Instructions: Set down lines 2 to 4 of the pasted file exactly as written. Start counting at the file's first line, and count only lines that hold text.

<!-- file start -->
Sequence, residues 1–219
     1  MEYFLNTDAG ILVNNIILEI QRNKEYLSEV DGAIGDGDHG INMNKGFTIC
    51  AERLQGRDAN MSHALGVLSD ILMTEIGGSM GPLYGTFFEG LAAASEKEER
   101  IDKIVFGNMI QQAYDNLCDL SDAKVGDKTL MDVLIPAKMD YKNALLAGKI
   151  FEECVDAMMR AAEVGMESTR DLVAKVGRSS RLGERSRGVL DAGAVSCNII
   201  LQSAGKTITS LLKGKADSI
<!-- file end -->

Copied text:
     1  MEYFLNTDAG ILVNNIILEI QRNKEYLSEV DGAIGDGDHG INMNKGFTIC
    51  AERLQGRDAN MSHALGVLSD ILMTEIGGSM GPLYGTFFEG LAAASEKEER
   101  IDKIVFGNMI QQAYDNLCDL SDAKVGDKTL MDVLIPAKMD YKNALLAGKI